Get the Details – How Much Will You Spend for Home Health Aide?
If you or one of your relatives is aging in place, and in need of help with basic tasks around the house, such as cleaning, personal care, bathing, and other such necessities, including basic medical needs, you may be in need of a home health aide.
In-home nursing care and home health aides are very helpful. These full-time caregivers can take care of your basic necessities and allow you or a loved one to live a more comfortable, happy life. Whether you are a family caregiver who needs a break, or an aging senior who may need help in the near-future, it’s important to know what to expect from in-home nursing care.
If you’re wondering about in-home care costs, basics about home care cost per hour, or other in home nursing care costs, you’re in the right place. In this article, we’ll discuss the costs associated with home health aides, and how much you can expect to pay when hiring caregivers. Let’s begin.
What is home health aide?
In most cases, if you or a loved one wish to age in place, home health aid is what you’ll want. Home health aid agencies will provide you with a trained and experienced home health aide.
It’s important to note that home health aides are, with few exceptions, not trained medical professionals. They are not nurses, and typically cannot do any medical tasks beyond basic things like reminding your loved one to take medication and other such things.
Because of this, you may need to hire a specialist, part-time nurse to augment your home health aide’s services. Why not just hire a nurse full time? Because it’s much more expensive.
The home health aides mostly provide the same services that a family caregiver would, and are not highly skilled, and their rates are usually lower. In most states, home health aides will charge rates of $20-$30 per hour.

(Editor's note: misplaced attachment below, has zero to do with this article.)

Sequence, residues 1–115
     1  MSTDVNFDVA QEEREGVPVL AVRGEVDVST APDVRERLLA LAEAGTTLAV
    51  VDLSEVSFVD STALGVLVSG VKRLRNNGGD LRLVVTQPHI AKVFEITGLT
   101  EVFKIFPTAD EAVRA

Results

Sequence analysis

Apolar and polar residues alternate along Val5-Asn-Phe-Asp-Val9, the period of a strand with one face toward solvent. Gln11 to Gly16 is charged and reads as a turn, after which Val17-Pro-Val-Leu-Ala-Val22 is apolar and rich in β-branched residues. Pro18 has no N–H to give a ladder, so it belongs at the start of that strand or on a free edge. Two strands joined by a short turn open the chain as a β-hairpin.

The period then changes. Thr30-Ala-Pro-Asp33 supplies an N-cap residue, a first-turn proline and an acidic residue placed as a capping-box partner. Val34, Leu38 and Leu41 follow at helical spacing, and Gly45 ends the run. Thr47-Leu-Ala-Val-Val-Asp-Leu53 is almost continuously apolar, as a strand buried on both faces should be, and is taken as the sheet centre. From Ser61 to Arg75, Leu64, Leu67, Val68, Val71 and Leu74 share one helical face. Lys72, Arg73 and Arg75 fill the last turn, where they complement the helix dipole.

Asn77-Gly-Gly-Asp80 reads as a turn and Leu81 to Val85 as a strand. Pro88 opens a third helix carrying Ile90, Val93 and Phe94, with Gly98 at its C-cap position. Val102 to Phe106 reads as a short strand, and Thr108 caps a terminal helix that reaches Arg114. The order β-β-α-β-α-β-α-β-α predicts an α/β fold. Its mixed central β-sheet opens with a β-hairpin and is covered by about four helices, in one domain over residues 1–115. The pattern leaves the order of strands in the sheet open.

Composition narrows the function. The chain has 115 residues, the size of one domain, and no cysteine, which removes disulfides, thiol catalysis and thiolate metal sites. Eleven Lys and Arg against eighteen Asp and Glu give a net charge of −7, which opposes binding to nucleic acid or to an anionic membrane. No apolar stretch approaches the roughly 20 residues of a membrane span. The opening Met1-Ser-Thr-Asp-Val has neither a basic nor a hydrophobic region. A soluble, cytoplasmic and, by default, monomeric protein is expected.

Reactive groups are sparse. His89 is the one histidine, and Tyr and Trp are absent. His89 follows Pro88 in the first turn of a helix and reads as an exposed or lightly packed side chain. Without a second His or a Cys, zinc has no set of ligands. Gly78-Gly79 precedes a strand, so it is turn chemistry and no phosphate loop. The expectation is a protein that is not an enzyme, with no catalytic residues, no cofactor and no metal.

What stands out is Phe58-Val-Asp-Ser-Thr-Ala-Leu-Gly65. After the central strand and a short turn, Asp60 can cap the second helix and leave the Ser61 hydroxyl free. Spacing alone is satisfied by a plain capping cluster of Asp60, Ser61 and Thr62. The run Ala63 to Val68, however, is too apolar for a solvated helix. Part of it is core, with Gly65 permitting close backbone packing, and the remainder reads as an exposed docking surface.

In comparison, a highly-skilled nurse may cost $40-$80 per hour – and their services are not usually required all the time. Choosing a home health aide allows you or a loved one to get proper care, without the high cost of a full-time nurse. The cost of home health aide is much lower.
It’s also often a good idea not to hire the most inexpensive care provider available to you. They may not have the proper license or home health care provider insurance – and you or your loved one may get sub-par treatment. You should do your research before hiring any particular agency, to make sure you’re partnering with a reputable company.
Now that we’ve begun discussing money, let’s take a look at the numbers behind at-home care – and how much you can expect a home health care agency to charge.
How Much Does Home Health Care Cost?
The cost of home health care varies wildly, depending on the services that you need. For example, hiring a home health aide will be much more inexpensive, compared to hiring a registered nurse or another medical professional.
Because of this, the cost of home healthcare can be quite inconsistent – based on your needs, the services that you require, and a number of other factors. Some of these factors include:
- The type of services you require – To put things simply, one of the biggest factors that influence the cost of home health care is the number of different services you require, as this also influences how much work must be done by a nurse or a home health aide.
For example, an older, active adult who cannot drive, and simply needs transportation services and help with basic tasks around the house will pay much less than an individual who needs assistance with every task, from bathing to eating, taking medication, and so forth.
- The hours worked by your home health aide – The more hours worked by a home health aide, the more you’ll pay. While some folks do have full-time home health aides, it’s often more affordable to only hire a part-time aid, and augment their services with family caregiving.
- Extent of disabilities – Individuals who are severely handicapped and disabled will need special services. They may even need to hire a qualified nurse, rather than a home health aide, in order to ensure their safety and proper administration of medication.